Game history

Successful trends and big-game history greatly favor the Clemson Tigers over the NC State Wolfpack

There are some very real historical trends that favor No. 5 Clemson in Saturday’s 7:30 p.m. showdown with No. 10 NC State.

The Tigers have won 10 straight games, the longest in the FBS winning streak. Clemson has won 36 straight home games, also the longest streak in the nation. A win on Saturday would tie Florida State for the most home winning streak in ACC history.

The Tigers have beaten NC State eight times in the Wolfpack’s last eight trips to Memorial Stadium. Clemson is 21-7 against NC State when both teams are ranked in the AP Top 25.

And then there are stats like this, shared by Tim Bourret, retired Clemson and Hall of Fame sports news director and current commentator for the Clemson Athletic Network broadcast team: The Tigers play them 27th game in the top 10. The Wolfpacks play in their FIRST game in the top 10.

Trends are one thing. The lack of trend on one side of the historical equation is another. Does this lack of experience in this kind of big game matter to NC State? Is that an overstated stat for Clemson?

It’s one of those things you have to choose for yourself, but sometimes the game seems to play out beyond the Xs and O’s. The way 18-21 year old men and working coaches with them handling pressure, adversity and big game situations also matters.

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Clemson is used to being in the pressure cooker, even though not all of those players have been in a lot of big games. It’s part of the culture that Dabo Swinney has developed. Since 2014, or the college football playoff era, the Tigers are 11-6 against top 10 opponents.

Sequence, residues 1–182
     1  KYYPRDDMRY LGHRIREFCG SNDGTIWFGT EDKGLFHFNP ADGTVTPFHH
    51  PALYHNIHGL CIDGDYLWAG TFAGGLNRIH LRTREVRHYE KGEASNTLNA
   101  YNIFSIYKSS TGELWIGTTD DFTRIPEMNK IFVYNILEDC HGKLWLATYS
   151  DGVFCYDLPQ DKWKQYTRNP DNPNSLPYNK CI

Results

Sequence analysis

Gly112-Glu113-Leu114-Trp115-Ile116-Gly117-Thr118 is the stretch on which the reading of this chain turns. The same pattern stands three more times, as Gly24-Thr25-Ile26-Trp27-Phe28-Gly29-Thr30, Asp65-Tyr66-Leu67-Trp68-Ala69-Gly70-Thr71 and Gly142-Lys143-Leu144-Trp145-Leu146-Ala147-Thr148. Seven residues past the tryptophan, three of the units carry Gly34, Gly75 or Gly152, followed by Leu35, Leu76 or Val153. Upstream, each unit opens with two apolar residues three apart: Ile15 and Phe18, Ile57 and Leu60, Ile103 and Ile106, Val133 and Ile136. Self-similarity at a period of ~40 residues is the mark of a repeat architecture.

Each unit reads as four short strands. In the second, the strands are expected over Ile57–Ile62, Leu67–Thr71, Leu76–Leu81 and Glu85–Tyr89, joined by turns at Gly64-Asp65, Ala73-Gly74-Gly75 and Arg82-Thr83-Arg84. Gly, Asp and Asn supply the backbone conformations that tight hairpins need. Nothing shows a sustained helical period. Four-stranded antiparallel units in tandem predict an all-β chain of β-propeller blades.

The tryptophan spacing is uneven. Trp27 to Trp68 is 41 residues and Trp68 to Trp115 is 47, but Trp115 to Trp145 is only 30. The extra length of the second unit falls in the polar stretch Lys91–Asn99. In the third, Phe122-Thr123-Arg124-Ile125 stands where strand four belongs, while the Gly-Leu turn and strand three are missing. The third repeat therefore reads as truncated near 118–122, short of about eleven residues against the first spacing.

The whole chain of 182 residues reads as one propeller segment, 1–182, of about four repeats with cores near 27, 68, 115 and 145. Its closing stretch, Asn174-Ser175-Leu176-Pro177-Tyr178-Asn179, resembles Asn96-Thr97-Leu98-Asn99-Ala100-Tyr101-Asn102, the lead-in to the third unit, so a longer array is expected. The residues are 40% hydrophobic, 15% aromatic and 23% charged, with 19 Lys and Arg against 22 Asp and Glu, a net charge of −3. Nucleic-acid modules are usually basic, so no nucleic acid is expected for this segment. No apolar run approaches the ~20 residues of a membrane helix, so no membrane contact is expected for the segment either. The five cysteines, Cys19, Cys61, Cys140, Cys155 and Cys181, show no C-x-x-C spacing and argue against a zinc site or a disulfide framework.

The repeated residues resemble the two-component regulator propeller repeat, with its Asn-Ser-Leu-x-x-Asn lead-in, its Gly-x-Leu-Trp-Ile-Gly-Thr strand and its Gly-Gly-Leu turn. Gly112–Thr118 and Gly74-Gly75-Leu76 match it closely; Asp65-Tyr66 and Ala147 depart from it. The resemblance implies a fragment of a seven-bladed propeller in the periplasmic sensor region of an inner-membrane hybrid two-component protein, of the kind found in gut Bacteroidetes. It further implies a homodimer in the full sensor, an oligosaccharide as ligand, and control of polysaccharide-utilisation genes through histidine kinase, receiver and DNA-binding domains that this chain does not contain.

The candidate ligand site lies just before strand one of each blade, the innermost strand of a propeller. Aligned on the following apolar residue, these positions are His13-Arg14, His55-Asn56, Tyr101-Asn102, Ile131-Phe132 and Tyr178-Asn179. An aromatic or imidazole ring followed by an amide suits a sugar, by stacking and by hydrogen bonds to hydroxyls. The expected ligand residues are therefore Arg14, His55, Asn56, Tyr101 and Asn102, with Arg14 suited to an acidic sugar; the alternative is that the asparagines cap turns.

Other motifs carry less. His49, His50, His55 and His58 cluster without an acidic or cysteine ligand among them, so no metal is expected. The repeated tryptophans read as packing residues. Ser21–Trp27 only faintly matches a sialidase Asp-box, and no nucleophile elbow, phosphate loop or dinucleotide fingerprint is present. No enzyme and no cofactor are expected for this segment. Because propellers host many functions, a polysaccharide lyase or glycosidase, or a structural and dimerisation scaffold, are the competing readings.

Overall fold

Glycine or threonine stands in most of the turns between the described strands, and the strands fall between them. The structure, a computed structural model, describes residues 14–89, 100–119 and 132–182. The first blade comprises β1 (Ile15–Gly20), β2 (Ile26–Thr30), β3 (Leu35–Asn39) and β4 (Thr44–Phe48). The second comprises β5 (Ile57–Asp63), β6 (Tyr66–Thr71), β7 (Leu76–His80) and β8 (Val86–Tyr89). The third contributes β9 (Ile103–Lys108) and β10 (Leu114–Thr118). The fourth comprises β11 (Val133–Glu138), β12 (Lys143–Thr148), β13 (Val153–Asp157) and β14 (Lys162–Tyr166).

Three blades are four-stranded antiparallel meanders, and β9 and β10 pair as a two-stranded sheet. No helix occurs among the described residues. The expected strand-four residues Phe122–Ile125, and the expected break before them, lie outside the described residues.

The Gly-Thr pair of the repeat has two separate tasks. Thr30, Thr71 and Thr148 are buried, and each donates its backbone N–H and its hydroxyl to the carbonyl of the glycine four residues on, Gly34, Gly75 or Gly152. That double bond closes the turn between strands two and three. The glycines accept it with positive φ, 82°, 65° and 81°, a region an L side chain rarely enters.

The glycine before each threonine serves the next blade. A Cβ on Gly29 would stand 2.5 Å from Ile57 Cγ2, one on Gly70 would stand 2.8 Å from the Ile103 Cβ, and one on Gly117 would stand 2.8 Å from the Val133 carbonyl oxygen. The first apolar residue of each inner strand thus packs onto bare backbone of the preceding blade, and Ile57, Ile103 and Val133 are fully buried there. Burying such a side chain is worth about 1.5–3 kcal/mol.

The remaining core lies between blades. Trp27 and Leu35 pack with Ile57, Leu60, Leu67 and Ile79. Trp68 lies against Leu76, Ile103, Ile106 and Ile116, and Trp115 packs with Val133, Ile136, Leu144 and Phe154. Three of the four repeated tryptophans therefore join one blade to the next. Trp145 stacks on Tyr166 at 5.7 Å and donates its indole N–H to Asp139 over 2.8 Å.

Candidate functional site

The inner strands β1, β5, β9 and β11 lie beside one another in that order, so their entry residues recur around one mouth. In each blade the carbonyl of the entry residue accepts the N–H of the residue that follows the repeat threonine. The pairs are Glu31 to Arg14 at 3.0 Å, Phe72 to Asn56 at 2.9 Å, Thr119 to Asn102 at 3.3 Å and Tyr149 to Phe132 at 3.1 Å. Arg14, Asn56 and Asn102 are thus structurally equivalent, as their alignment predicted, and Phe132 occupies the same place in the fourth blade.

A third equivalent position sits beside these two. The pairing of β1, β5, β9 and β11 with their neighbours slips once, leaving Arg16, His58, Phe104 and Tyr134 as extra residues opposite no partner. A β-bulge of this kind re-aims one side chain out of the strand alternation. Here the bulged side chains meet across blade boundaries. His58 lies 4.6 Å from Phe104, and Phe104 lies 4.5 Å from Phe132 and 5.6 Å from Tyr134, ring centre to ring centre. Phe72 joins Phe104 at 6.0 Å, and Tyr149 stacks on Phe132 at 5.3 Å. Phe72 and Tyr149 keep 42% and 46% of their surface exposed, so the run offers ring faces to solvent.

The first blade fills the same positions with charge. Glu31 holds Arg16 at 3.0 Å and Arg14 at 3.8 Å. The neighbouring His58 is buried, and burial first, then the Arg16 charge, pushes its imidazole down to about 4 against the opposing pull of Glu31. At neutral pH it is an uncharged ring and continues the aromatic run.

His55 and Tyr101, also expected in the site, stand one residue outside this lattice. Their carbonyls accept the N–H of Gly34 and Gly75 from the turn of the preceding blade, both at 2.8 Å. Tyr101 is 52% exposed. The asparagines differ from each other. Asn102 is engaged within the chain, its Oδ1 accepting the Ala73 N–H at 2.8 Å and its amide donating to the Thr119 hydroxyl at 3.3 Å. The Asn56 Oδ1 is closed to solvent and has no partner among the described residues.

Meanwhile, NC State is 5-18 against the top 25 teams since Dave Doeren took over in 2013. One of those wins includes last year’s 27-21 win over No. 1 of the time. 9 Clemson at Carter-Finley Stadium.

That seems like a lot to overcome for the Wolfpack, but it also depends on how you view the trends. The counterpoint to all of this is that the rankings don’t really matter. After all, polls are subjective and not an accurate indicator of overall team strength. It’s what voters think of a team or justification for another ranking.

So there are a lot of flaws to point out in using stats like the popper above. But rankings matter in terms of perception, and the perception is that Clemson is used to big games and used to doing well at home against highly ranked teams.

Will this continue or did NC State’s shock victory last year turn the tide in both this series and ACC Atlantic supremacy?

That’s why they play the game.

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